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conversation started. ladies and gentlemen, the president of the united states. (applause.) the president: hello, everybody! (applause.) first of all, everybody can sit down. (laughter.) it's much easier to tweet from a seated position. (laughter.) mr. dorsey: and i understand you want to start the conversation off with a tweeter yourself. the president: i'm going to make history here as the first president to live tweet. so we've got a computer over here. (types in tweet.) mr. dorsey: it's only 140 characters. (laughter.) the president: all right, i think i have done this properly. but here's the test. mr. dorsey: and you tweeted. the president: how about that? not bad. (applause.) thank you. so i think my question will be coming up at some point. mr. dorsey: so what was your question? here it is.
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the president: here's the question: "in order to reduce the deficit, what costs would you cut and what investments would you keep?" and the reason i thought this was an important question is, as all of you know, we are going through a spirited debate here in washington, but it's important to get the whole country involved, in making a determination about what are the programs that can help us grow, can create jobs, improve our education system, maintain our clean air and clean water, and what are those things that are a waste that we shouldn't be investing in because they're not helping us grow or create jobs or creating new businesses. and that debate is going to be heating up over the next couple of weeks, so i'd love to hear from the american people, see what thoughts they have. mr. dorsey: excellent. well, first question comes from a curator in new hampshire. and we have eight curators around the country helping us pick tweets from the crowd so that we can read them to the president.
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and this one comes from william smith: "what mistakes have you made in handling this recession and what would you do differently?" the president: that's a terrific question. when i first came into office we were facing the worst recession since the great depression. so, looking around this room, it's a pretty young room -- it's certainly the worst recession that we've faced in our lifetimes. and we had to act quickly and make some bold and sometimes difficult decisions. it was absolutely the right thing to do to put forward a recovery act that cut taxes for middle-class folks so they had more money in their pocket to get through the recession. it was the right thing to do to provide assistance to states to make sure that they didn't have to lay off teachers and cops and firefighters as quickly as they needed to. and it was the right thing to do to try to rebuild our infrastructure and put people back to work building roads and bridges and so forth. it also was the right thing to do, although a tough decision, to save the auto industry, which is now profitable and gaining market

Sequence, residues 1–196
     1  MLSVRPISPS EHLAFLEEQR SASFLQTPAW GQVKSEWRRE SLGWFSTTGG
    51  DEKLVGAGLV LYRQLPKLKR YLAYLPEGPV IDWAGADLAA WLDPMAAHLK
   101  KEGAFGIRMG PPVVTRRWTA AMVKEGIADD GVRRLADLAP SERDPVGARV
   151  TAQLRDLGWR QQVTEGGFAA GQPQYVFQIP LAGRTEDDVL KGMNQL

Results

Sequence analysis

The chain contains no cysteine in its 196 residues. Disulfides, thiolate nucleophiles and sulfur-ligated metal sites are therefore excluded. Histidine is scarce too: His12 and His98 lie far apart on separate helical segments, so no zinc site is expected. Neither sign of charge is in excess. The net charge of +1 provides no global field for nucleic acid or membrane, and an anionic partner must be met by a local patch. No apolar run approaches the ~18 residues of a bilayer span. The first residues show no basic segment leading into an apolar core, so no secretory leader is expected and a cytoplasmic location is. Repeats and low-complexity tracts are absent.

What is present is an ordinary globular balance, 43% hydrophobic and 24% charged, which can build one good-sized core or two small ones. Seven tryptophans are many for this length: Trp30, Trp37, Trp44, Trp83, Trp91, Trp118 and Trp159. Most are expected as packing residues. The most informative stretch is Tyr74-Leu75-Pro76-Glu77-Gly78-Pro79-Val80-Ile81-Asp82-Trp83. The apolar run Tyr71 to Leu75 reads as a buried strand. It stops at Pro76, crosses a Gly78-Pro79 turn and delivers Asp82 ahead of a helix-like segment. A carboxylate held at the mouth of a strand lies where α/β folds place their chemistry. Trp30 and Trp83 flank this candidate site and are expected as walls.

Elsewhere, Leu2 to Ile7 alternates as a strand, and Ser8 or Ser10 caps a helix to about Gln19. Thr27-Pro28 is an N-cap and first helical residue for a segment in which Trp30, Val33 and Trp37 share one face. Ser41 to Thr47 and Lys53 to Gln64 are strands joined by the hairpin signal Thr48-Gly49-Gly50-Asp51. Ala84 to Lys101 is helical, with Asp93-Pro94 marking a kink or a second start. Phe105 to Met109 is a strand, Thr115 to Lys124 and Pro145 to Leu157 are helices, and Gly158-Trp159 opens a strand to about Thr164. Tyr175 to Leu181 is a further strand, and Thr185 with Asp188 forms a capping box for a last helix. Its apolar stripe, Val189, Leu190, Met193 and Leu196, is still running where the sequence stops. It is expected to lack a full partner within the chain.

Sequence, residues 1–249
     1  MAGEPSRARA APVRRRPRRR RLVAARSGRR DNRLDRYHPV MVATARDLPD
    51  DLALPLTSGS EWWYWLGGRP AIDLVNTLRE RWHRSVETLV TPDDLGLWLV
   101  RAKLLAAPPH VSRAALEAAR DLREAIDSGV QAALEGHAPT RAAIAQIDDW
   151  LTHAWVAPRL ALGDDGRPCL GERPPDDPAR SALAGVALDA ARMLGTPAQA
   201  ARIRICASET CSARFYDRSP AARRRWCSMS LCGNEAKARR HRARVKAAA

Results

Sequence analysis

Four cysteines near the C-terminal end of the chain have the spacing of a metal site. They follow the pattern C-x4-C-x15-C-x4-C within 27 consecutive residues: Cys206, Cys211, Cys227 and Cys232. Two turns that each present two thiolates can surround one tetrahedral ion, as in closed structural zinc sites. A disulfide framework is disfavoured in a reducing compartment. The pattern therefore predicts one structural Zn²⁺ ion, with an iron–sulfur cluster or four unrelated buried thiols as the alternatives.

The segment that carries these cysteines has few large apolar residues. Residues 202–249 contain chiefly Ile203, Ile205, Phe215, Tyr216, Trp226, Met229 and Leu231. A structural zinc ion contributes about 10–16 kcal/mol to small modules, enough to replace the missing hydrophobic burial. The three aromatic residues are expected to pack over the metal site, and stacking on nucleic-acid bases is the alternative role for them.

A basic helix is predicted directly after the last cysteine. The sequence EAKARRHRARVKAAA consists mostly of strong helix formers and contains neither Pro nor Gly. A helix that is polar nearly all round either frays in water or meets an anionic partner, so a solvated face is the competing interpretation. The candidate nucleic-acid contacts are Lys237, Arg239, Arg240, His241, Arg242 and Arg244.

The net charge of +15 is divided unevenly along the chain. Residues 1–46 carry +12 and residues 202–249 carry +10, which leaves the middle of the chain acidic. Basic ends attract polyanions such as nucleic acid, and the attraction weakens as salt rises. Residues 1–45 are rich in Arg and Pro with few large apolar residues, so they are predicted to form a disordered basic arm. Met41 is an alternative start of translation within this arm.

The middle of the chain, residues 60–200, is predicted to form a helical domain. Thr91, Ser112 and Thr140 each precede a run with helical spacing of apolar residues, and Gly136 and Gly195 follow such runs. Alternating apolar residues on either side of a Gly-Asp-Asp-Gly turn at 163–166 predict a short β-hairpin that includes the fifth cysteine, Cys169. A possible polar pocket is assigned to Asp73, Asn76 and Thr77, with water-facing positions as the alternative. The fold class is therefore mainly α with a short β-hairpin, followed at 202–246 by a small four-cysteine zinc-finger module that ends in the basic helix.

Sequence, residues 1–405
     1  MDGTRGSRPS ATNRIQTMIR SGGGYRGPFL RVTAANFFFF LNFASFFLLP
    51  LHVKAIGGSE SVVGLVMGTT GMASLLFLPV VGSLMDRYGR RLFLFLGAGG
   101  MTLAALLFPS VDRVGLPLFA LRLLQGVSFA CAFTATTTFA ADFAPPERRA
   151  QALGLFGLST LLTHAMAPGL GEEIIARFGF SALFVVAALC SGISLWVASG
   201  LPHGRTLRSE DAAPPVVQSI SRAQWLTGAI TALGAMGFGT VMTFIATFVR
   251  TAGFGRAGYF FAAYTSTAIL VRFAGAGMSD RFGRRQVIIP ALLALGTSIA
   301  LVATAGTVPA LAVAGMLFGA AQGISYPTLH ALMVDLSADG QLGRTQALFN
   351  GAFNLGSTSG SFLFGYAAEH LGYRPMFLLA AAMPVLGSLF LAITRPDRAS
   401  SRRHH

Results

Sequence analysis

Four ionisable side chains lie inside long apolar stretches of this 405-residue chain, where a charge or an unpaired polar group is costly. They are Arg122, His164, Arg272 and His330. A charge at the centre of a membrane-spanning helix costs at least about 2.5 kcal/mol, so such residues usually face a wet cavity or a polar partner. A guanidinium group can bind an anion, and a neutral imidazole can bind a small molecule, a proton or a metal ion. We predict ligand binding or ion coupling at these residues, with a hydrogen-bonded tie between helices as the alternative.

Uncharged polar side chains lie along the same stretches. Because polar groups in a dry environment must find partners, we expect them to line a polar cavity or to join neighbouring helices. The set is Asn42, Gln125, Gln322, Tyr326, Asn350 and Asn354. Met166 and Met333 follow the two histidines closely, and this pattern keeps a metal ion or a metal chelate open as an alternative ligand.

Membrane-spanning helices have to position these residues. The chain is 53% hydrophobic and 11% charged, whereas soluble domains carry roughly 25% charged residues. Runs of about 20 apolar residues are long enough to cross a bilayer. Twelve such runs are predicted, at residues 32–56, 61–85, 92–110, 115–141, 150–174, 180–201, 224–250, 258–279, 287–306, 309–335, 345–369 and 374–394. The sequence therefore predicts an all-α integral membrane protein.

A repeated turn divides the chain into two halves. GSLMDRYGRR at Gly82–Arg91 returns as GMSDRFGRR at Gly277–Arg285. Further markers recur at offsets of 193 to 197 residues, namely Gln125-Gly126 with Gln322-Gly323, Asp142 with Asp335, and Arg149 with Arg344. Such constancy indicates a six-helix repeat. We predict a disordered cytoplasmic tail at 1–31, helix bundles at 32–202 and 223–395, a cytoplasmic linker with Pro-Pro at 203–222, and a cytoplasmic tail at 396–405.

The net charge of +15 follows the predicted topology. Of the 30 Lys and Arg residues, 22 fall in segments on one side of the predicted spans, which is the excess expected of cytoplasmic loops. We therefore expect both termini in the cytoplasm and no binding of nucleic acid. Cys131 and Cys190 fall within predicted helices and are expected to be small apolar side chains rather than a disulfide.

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share -- the u.s. auto industry -- for the first time in a very long time. i think that -- probably two things that i would do differently. one would have been to explain to the american people that it was going to take a while for us to get out of this. i think even i did not realize the magnitude, because most economists didn't realize the magnitude, of the recession until fairly far into it, maybe two or three months into my presidency where we started realizing that we had lost 4 million jobs before i was even sworn in. and so i think people may not have been prepared for how not have been prepared for how long this was going to take and why we were going to have to make some very difficult decisions and choices. and i take responsibility for that, because setting people's expectations is part of how you end up being able to respond well. the other area is in the
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area of housing. i think that the continuing decline in the housing market is something that hasn't bottomed out as quickly as we expected. and so that's continued to be a big drag on the economy. we've had to revamp our housing program several times to try to help people stay in their homes and try to start lifting home values up. but of all the things we've done, that's probably been the area that's been most stubborn to us trying to solve the problem. mr. dorsey: mr. president, 27 percent of our questions are in the jobs category, as you can see from the screen over here. our next question has to do about jobs and technology. it comes from david: "tech and knowledge industries are thriving, yet jobs discussion always centers on manufacturing. why not be realistic about jobs?" the president: well, it's not an either/or question; it's a both/and question. we have to be successful at the cutting- edge industries of the future like twitter. but we also have always been a country that